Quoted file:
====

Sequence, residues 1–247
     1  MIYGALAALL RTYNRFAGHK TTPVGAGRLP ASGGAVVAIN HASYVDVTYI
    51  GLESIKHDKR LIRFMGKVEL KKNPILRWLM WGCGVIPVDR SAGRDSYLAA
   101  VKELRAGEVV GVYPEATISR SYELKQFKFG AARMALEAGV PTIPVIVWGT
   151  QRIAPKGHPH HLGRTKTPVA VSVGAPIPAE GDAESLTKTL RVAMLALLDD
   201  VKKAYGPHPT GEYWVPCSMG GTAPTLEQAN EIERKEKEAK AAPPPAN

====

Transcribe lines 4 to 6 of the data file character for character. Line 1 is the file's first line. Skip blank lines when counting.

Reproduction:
   101  VKELRAGEVV GVYPEATISR SYELKQFKFG AARMALEAGV PTIPVIVWGT
   151  QRIAPKGHPH HLGRTKTPVA VSVGAPIPAE GDAESLTKTL RVAMLALLDD
   201  VKKAYGPHPT GEYWVPCSMG GTAPTLEQAN EIERKEKEAK AAPPPAN